Close

Researcher Shane Elipot, from the Rosenstiel School of Marine and Atmospheric Science at the University of Miami, has proposed a new technique in monitoring the global rise of sea levels.

Elipot recommends the use of already-available 1,200 buoys from the Global Drifter Program by the National Oceanic and Atmospheric Administration (NOAA). The deployed buoys, drifting with the ocean currents, will require additional instruments to record their height, which corresponds to the sea level of the waters these buoys are currently riding on. These updated buoys will provide long-term data on the sea levels around the world.

The study that prompted Elipot's recommendation is published in the journal Geophysical Research Letters.

A Model for Measuring the Global Mean Sea Level

In his report, Elipot explains the current global mean sea level (GMSL) rise as an intrinsic measure of man-made climate change. Increasing sea levels in the past decades have been attributed to a variety of factors, with most common assumptions pointing toward the thermal expansion of the ocean's increasing temperature and the increasing mass due to melting icebergs and ice shelves.

RELATED: American Pikas More Resilient Against Climate Change Than Previously Thought

There are two observational systems in place, aimed at monitoring sea level changes. The first one uses an array of coastal and island tidal gauges. While these gauges pick up precise readings with its high temporal resolution, its representation of the GMSL is biased toward the coasts and the Northern Hemisphere, where these systems are mostly installed. The other system uses satellite radar altimeters, which has a global coverage but is limited to providing its view once in every ten days.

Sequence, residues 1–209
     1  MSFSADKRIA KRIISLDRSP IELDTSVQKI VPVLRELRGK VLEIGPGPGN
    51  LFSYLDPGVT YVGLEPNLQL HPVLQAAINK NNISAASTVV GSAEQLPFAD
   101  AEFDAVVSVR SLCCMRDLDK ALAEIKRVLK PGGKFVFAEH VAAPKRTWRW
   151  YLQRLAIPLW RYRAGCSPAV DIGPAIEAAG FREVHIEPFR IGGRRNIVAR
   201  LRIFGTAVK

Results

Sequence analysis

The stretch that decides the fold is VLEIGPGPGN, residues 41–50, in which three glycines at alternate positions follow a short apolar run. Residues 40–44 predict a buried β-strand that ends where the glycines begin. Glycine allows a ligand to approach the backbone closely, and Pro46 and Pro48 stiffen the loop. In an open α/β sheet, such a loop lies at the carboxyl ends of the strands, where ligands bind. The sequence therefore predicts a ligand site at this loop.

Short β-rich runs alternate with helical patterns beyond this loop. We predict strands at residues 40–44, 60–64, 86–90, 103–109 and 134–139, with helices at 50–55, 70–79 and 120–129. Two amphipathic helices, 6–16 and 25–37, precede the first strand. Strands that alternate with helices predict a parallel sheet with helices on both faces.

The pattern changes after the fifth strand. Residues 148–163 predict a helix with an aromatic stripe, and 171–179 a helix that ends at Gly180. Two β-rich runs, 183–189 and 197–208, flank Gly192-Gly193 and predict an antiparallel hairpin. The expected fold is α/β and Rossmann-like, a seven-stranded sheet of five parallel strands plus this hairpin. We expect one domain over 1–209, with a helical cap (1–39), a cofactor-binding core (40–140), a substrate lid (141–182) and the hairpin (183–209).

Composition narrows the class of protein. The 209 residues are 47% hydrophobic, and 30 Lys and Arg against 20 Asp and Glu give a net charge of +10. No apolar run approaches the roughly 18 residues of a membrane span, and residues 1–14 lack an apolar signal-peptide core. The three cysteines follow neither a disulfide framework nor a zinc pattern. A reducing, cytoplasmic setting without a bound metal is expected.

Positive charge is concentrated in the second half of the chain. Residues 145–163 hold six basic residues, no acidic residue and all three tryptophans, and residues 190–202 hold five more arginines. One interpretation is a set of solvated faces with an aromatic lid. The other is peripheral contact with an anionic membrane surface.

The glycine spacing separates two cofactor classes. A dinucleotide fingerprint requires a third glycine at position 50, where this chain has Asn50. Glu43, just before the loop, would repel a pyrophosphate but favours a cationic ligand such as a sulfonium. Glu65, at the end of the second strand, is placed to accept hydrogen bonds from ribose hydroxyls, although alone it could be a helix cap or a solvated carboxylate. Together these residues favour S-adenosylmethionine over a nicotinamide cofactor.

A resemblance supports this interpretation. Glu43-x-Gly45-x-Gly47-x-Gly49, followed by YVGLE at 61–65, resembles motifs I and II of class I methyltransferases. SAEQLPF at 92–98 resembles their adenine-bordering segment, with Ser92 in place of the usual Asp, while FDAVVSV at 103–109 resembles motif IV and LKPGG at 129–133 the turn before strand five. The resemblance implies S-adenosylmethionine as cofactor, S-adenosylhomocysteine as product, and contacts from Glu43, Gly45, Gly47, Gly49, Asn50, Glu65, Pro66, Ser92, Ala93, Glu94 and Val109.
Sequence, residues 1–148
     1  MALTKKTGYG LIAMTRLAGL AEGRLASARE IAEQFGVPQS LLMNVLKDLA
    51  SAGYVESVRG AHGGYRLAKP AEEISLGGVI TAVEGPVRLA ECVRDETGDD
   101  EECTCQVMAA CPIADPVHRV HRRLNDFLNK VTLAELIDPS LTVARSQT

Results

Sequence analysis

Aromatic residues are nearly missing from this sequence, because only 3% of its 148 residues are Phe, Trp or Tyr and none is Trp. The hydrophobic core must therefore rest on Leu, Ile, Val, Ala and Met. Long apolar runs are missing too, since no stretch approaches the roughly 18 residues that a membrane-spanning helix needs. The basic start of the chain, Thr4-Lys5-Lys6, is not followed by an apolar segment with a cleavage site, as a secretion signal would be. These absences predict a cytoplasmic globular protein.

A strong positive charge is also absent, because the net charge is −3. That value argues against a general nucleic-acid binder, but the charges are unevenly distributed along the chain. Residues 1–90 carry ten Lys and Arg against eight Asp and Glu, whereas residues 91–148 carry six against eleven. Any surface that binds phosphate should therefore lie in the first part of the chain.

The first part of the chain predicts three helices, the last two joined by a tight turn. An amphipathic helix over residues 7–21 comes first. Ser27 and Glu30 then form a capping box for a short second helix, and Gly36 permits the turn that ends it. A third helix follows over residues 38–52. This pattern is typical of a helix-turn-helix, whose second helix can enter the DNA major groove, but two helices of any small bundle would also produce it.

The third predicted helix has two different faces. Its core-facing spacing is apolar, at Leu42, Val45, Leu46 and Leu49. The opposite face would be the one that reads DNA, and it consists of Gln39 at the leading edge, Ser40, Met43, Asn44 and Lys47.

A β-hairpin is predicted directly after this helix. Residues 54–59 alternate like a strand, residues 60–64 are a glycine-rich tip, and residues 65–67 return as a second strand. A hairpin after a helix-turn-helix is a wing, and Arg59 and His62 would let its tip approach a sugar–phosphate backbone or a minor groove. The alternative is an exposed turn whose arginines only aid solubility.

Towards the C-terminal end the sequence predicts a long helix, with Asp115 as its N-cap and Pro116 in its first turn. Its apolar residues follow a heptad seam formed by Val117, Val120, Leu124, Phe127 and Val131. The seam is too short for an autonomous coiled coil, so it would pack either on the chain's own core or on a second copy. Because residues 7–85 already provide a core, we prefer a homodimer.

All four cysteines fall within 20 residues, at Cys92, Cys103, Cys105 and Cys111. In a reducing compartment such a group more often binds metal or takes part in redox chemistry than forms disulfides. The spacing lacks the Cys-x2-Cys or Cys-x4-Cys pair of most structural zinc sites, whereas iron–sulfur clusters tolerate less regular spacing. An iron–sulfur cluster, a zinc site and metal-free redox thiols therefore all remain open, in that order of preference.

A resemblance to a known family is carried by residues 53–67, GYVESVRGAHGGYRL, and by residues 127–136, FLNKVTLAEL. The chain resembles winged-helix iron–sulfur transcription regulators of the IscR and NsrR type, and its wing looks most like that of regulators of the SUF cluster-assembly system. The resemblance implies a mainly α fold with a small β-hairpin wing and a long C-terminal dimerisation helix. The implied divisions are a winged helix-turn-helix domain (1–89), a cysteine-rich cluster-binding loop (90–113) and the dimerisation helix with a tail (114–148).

With the Global Drifter Program, Elipot illustrates its potential for recording a variety of significant data: its geographical coordinates via GPS, its altitude with respect to the mean sea surface. The drifters' size and distribution offers an independent and resilient system for monitoring GMSL over extended periods of time.

 

Through the NOAA Global Drifter Program

To demonstrate his proposal, Elipot used the NOAA global drifter program as an example. The drifter array originally relied on the Argos system, which was a global monitoring system focused on environmental applications such as meteorological and wildlife applications. It later transitioned to using Global Positioning System (GPS) in localizing its data monitoring and also to the Iridium satellite system for data transmission. However, despite the GPS system's capability for altitude data transmission, only the latitude and longitude data remains in the NOAA data stream.

In implementing a measure of global sea levels through the drifting buoys, an important parameter is the height of the sea surface relative to a defined reference mean sea surface (MSS). This is taken from the sum of the geoid - an equigeopotential surface that the ocean would take based on gravity and Earth's rotation alone, without winds and tides factoring in - and a mean dynamic topography.

RELATED: Worst Climate Scenario RCP 8.5 Appears to be the Most Realistic

A technical limitation in the proposal, however, is the assumption that altitude measurements of an acceptable accuracy, gathered at regular intervals. To ensure this constraint, considerable computing power must be installed on each drifter to allow regular computation and transmission of its 3D position.

Check out more news and information on the Rising Sea Levels in Science Times.